|Penn State riot after Paterno Firing|
Kristallnacht or the "Night of Broken Glass" refers to a tragic series of events, which occurred on November 9, 1938. Mobs of young Nazis took to the streets of Berlin and other German cities, shouting "Heil Hitler." They smashed the windows of Jewish-owned stores and synagogues, and as a lynching-hysteria took hold of the crowds, roving bands bludgeoned to death whatever Jews they could find. I do not mean to belittle the horrors and tragedy of the subsequent Holocaust by comparing it with the dozen or so victims of Penn State molestation scandal, however repugnant. But I do want to respond to the growing chorus of voices who insist that the National Collegiate Athletic Association (NCAA) should not impose a "death penalty" on the Penn State football program. Their reasoning is that "such drastic actions would unfairly harm those who had nothing to do with the scandal." This is where Kristallnacht might offer useful insights into the nature of fanaticism, as it unfolded at Penn State. What were the good citizens of Germany doing that evening as Nazi mobs smashed and killed? Where in fact were they?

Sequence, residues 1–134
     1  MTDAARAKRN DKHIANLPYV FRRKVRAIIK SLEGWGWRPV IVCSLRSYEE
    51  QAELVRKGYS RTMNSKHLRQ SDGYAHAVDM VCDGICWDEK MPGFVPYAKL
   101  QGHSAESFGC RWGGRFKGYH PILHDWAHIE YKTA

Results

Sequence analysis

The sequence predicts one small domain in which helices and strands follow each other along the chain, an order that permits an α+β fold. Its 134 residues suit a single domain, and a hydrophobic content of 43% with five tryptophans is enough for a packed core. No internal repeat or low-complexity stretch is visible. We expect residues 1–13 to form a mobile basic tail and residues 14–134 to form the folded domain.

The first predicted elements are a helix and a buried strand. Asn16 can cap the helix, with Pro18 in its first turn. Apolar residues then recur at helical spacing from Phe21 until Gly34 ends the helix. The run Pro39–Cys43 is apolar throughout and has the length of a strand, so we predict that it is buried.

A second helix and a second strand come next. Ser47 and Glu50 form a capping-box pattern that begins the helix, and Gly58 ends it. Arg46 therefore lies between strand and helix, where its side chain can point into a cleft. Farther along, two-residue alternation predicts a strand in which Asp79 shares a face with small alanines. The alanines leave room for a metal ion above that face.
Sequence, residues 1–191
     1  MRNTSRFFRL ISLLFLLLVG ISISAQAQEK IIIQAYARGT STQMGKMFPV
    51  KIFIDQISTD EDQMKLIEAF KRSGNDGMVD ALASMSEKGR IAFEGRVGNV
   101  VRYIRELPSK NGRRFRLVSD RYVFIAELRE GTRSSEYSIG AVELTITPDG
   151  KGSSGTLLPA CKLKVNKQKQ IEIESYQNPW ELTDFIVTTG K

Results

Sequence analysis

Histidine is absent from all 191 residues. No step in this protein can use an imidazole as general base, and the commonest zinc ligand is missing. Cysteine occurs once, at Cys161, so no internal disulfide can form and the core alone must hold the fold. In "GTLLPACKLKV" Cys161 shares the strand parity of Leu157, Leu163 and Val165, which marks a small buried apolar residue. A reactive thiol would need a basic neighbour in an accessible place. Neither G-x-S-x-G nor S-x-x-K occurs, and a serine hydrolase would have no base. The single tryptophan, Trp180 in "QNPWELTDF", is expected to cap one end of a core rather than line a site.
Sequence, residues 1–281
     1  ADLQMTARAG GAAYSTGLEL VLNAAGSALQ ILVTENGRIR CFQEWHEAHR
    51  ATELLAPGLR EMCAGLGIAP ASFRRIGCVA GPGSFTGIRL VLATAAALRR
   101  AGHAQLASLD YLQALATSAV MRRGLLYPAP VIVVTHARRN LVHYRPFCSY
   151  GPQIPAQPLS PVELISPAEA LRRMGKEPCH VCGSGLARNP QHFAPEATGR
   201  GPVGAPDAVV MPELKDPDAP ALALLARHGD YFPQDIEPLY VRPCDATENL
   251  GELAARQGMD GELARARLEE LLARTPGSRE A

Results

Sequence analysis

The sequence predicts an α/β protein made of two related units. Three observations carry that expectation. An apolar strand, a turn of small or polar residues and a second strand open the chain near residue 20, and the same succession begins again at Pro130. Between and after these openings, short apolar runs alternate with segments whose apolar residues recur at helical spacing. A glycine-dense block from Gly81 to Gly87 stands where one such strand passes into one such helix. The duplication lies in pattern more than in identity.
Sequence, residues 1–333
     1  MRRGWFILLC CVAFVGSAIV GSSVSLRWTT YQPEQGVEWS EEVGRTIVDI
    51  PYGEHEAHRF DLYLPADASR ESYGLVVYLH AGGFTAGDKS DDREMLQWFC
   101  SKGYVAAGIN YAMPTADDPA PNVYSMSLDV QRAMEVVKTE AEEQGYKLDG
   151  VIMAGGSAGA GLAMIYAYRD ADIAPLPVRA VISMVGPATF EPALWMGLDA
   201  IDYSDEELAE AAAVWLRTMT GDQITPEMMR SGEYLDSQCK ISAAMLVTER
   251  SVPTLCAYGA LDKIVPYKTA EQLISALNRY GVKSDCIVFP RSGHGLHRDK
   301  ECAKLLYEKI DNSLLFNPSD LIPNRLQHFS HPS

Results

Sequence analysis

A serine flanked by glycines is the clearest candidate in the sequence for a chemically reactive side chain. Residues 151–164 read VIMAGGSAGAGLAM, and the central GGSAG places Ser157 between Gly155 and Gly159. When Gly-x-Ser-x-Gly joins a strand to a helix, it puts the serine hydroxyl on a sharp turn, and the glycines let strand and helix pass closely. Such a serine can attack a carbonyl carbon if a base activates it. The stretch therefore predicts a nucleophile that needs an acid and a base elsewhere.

On the night of November 9, 2011, more than a thousand Penn State students and residents of State College, Pennsylvania spilled into the streets. They rioted, turned over vehicles, broke store windows, all the while chanting "JoePa" and "Hell No, Joe Won't Go," like pumped-up members of Hitler's youth brigade. The Penn State Board of Trustees had just fired their beloved football coach Joe Paterno, in hopes of limiting the damage caused by Paterno’s failure to report an incident in which his assistant coach, Jerry Sandusky was seen molesting a ten year old boy. This culture of football fanaticism at an institution of higher learning is far too deeply rooted for anyone to believe that the athletic program and university administration will heal themselves merely by changing the leadership at the top. Rather than wait for the NCAA to make a decision, the University needs to take control by imposing its own two year "death penalty" on the football program. It will take at least this much time to shatter the university culture that blinded some administrators and students to basic principles of human decency and silenced others.